When we think of pirates, we picture a man with a hook and a parrot. Jack Sparrow of the Pirates of the Caribbean, Blackbeard and Long John Silver may come to mind. In this article, we will travel back to the "Eastern Pirateland" in the early 19th century South China Sea.
Major Differences between Chinese and Western Pirates
The word "pirate", of European origin, does not easily translate across cultures. Among many Chinese translations for "pirate", the most common term is ‘haidao’ (海盜) (meaning "sea bandit"). This Chinese term covers a wide range of lawless seaborne activities, whereas in the West, the activities of pirates are more defined. Imperial China recognised the concept of an "inner sea" and an "outer sea" divided by a fluid, ill-defined "sea-frontier". But a Chinese emperor had no concept of international waters and did not consider what the West called the "high seas" which was beyond China’s control. For China, the term "sea bandit" means all criminal acts at sea, no matter they were committed close to the shore line or in the outer sea.
For the West, piracy was an act committed on the high seas that affected the international maritime community. Crimes within the "inner-sea", i.e. the designated "territorial waters" in the West, were subject to the state that owned the waters. These crimes referred to specific acts of theft, murder, and smuggling.
The South China Sea is a marginal sea south of China and is connected with several countries. Owing to the "Canton System" policy, it was the major international shipping lane and the second most used sea lane in the world.
Meet the Legends
South China Sea was a heaven for pirates in the early 19th century. In this article, let us meet the legendary pirates of the Red Flag Fleet.
Leader of Red Flag Fleet: Zheng Yi
Zheng Yi was a Chinese pirate who lived from 1765 to 1807. He was the greatest of all time among his peers, fans, and the Qing Government. Zheng Yi came from a long line of sea bandits, and he was a powerful Chinese pirate who ruled the South China Sea in the early 19th century. He united and built up the large pirate confederation and became the leader of “Red Flag Fleet”. Zheng Yi and his followers were so strong that even the Qing Government feared them.
The Pirate Queen: Zheng Yi Sao
Zheng Yi Sao was born in 1775 and married to Zheng Yi at age 26 in 1801 and became a pirate. After the death of her husband in 1807, she took control of his pirate confederation with the support of his adopted son Zhang Bao.
In 1809, Qing Government sent an armada to attack Zheng Yi Sao’s fleet. However, she easily defeated the Government, capturing 63 ships and persuading most of the crew to join her. By 1810, she was said to have commanded a fleet of 1,800 ships with more than 80,000 followers, and to have effectively controlled most of Guangdong province, as well as trade routes and fishing rights in the South China Sea. She has been described as the most successful female pirate in history.
The Pirate Legend: Zhang Bao
Zhang Bao was born in 1783 and he was a son of a Tanka fisherman who livid in Xinhui. Around 1798, he was abducted at age 15 by the pirate Zheng Yi who pressed him into piracy. His natural talent helped him adapt to his unplanned new career and he rose through the ranks swiftly.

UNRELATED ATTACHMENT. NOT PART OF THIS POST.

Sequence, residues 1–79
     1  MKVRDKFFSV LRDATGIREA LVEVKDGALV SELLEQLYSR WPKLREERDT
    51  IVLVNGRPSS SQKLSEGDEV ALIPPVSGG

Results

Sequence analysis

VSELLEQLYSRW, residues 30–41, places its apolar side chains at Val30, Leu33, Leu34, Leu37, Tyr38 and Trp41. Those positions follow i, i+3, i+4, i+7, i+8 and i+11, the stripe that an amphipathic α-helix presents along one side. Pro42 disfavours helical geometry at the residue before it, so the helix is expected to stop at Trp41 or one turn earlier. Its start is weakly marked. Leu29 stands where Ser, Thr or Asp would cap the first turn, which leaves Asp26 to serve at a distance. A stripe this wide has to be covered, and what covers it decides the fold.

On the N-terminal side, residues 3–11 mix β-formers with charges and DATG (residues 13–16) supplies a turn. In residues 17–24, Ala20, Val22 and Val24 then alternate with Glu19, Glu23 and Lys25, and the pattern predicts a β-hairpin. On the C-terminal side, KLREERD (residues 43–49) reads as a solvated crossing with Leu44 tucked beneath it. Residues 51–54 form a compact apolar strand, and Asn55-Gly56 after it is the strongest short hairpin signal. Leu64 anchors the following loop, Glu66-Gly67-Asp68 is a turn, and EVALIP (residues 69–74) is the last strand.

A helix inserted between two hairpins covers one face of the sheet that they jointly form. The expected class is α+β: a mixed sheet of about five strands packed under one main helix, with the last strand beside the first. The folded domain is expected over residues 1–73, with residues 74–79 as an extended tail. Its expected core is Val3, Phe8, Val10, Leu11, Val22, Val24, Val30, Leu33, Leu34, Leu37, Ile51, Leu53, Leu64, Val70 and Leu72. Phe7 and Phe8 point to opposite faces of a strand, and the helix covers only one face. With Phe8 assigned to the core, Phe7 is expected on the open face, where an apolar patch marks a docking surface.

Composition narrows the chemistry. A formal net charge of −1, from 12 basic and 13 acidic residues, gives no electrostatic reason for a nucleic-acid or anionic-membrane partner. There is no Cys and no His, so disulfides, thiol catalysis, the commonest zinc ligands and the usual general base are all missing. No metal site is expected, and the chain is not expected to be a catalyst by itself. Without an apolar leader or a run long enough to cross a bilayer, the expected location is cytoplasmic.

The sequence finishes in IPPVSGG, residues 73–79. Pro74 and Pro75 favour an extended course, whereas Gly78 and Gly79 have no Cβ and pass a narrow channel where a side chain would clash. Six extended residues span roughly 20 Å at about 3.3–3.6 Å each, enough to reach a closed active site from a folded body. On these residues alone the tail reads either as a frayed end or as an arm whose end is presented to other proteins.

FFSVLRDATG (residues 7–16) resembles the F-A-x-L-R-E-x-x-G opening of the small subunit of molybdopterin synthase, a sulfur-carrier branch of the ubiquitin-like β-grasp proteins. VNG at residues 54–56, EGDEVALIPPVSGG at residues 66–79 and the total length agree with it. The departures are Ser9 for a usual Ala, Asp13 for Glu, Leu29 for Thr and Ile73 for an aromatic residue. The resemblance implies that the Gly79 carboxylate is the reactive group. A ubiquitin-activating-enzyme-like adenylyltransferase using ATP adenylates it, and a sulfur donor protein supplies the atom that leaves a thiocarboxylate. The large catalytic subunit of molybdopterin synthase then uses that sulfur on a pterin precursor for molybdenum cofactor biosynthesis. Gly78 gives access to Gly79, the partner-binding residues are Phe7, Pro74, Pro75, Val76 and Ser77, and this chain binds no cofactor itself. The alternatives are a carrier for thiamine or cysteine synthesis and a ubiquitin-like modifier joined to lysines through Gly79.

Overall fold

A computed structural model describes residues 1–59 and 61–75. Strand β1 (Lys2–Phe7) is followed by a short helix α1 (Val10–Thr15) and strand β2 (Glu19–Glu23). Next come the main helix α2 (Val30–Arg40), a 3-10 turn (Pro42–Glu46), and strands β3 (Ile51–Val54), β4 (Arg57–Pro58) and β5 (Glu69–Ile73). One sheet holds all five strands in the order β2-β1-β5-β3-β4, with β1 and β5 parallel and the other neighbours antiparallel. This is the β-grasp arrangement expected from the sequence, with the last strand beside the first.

After Zheng Yi death in 1807, Zheng Yi Sao acted quickly to solidify the partnership with Zhang Bao. Zhang Bao became the second in command, he owned more than 600 ships and more than 50,000 followers. In 1810, he and his wife Zheng Yi Sao accepted an amnesty offered by the Qing Government, ending their pirate career. Afterwards, he was capitulated to the Qing Dynasty Government and became a captain in the Qing's Guangdong navy, receiving the rank of navy colonel.
Safety Tips for Traveling in "Eastern Pirateland"
Despite its romantic image in books and stories, piracy is a grim, harsh, ruthless business. Travelling to "Eastern Pirateland" can be exciting, but don’t forget about your safety! Here are some tips to help keep you safe.
1. Beware of the Junks
When asked about the flag most associated with pirates, you can probably name a few symbols – skull and crossbones on a black field. Unfortunately, the Chinese pirate were smart enough not to put this signature flag or any flag on their ships. On the other hand, the Chinese pirate may raid on passenger vessels, local and ocean going, by pirates who had boarded as passengers themselves – so beware of scams when traveling by junks.
2. Keep Away from the War Zone
South China Sea was home to the world’s largest fleets of sea bandits, resulting in a string of skirmishes between them and the Chinese Imperial authorities that was perhaps the longest lasting in global maritime history. Going into such an area could be a bad idea since you may provoke heated reactions; among other things, you may be taken for a spy. Tourists could be just as much a target of hostility as any military force.
3. Keep an Eye on Your Belongings
Whenever you are in a busy public place, be on your guard to make sure that your personal belongings and souvenirs like porcelain, tea, and rolls of silk are safe. Don’t wear a lot of expensive jewelry or accessories – keep it simple and only carry the basics.
4. Research before Traveling
When traveling to a new destination, do your homework beforehand. Find out more about Chinese Pirates and the Story of Zhang Yi Sou from our online shop. All these are geared towards ensuring that you have a better "travel experience".
Do you want to continue your voyage of discovery around the South China Sea? You can read our travel guide of Guangzhou here. We hope you enjoyed your visit to the "Eastern Pirateland"!